Display Settings:

Format

Send to:

Choose Destination
See comment in PubMed Commons below
J Neuroeng Rehabil. 2009 Mar 17;6:8. doi: 10.1186/1743-0003-6-8.

Using non-invasive brain stimulation to augment motor training-induced plasticity.

Author information

  • 1Berenson-Allen Center for Noninvasive Brain Stimulation, Beth Israel Deaconess Medical Center, Harvard Medical School, Boston, USA. nadia.bolognini@unimib.it

Abstract

Therapies for motor recovery after stroke or traumatic brain injury are still not satisfactory. To date the best approach seems to be the intensive physical therapy. However the results are limited and functional gains are often minimal. The goal of motor training is to minimize functional disability and optimize functional motor recovery. This is thought to be achieved by modulation of plastic changes in the brain. Therefore, adjunct interventions that can augment the response of the motor system to the behavioural training might be useful to enhance the therapy-induced recovery in neurological populations. In this context, noninvasive brain stimulation appears to be an interesting option as an add-on intervention to standard physical therapies. Two non-invasive methods of inducing electrical currents into the brain have proved to be promising for inducing long-lasting plastic changes in motor systems: transcranial magnetic stimulation (TMS) and transcranial direct current stimulation (tDCS). These techniques represent powerful methods for priming cortical excitability for a subsequent motor task, demand, or stimulation. Thus, their mutual use can optimize the plastic changes induced by motor practice, leading to more remarkable and outlasting clinical gains in rehabilitation. In this review we discuss how these techniques can enhance the effects of a behavioural intervention and the clinical evidence to date.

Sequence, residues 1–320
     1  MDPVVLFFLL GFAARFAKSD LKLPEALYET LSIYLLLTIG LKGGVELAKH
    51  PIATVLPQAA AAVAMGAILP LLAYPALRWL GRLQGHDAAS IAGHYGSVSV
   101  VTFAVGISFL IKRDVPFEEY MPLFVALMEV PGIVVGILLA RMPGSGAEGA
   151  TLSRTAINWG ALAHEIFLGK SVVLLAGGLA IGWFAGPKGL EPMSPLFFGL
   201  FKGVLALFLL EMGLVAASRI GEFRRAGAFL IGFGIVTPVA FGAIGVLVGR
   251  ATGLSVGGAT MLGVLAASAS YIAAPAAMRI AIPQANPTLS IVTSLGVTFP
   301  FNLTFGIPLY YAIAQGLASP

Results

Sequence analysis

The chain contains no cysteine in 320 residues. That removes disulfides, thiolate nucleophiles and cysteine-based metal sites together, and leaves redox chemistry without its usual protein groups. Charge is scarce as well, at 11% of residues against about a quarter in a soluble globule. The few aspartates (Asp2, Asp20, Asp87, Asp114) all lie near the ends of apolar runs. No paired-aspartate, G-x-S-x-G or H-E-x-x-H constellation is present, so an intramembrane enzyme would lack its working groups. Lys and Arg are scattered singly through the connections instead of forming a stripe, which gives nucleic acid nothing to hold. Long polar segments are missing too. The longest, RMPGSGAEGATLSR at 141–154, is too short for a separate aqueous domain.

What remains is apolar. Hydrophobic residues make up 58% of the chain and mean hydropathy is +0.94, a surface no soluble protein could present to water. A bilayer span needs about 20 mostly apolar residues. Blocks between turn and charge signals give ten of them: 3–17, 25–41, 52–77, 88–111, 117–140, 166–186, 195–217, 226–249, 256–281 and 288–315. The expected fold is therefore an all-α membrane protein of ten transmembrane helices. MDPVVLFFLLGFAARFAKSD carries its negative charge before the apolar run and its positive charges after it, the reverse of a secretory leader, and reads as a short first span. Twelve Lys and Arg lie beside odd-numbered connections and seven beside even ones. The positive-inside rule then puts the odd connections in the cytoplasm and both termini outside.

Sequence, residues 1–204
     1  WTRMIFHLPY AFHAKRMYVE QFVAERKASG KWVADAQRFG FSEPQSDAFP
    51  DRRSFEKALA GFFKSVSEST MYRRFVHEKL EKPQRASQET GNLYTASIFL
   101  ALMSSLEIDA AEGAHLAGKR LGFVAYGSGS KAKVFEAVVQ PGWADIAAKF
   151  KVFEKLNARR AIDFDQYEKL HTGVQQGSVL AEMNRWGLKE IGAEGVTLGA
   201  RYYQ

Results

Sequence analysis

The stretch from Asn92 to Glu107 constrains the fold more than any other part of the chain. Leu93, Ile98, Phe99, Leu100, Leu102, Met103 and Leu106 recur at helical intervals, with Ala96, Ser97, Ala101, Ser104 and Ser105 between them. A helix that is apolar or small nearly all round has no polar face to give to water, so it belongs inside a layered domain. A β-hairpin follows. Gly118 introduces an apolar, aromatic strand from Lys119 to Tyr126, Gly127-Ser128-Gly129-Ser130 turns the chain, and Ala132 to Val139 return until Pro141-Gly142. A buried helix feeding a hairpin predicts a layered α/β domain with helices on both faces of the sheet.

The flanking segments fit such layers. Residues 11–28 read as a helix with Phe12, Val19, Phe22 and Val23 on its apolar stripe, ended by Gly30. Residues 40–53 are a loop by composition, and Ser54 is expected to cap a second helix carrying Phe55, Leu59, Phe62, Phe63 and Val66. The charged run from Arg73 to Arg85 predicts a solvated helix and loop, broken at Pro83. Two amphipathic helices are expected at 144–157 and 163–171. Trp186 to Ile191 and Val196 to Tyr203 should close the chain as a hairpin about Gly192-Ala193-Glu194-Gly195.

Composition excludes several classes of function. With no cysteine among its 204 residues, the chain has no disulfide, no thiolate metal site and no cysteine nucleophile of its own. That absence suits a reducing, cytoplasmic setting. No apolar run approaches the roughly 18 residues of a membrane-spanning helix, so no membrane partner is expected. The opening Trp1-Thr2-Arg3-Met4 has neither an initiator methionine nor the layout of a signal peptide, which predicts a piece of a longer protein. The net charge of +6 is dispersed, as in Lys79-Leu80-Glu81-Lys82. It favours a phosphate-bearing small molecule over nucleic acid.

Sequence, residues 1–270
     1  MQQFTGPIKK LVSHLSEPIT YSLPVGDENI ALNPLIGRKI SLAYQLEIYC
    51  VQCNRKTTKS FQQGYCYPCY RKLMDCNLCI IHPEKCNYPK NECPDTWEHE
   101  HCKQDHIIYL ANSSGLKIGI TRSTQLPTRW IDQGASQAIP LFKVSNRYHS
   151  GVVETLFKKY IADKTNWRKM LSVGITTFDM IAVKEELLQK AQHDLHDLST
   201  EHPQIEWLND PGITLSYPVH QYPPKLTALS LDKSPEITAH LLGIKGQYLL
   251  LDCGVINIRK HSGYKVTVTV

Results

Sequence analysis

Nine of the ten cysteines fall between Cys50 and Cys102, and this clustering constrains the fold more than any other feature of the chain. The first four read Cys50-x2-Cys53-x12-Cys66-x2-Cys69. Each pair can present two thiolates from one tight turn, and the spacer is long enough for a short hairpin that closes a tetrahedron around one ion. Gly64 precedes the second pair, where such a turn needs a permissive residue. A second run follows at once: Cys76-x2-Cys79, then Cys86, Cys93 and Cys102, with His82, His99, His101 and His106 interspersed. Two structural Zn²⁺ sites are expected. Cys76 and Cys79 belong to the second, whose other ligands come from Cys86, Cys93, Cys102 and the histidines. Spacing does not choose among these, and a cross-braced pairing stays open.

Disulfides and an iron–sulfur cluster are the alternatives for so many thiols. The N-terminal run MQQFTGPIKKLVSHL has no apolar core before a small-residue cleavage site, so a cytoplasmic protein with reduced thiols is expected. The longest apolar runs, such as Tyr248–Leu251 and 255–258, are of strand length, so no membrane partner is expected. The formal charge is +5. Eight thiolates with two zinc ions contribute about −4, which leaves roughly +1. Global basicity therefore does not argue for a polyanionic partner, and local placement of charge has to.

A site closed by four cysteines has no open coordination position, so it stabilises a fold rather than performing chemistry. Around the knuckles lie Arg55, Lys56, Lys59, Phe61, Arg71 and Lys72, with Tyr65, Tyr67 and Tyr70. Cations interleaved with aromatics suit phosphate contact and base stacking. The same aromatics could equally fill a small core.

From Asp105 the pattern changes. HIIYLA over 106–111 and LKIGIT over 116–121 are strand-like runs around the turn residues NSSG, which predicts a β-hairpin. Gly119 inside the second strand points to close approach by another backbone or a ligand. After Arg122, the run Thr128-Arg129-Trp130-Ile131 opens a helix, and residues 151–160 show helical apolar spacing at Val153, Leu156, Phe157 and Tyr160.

PMID:
19292910
[PubMed - indexed for MEDLINE]
PMCID:
PMC2667408
Free PMC Article
PubMed Commons home

PubMed Commons

0 comments
How to join PubMed Commons

    Supplemental Content

    Full text links

    Icon for BioMed Central Icon for PubMed Central
    Loading ...
    Write to the Help Desk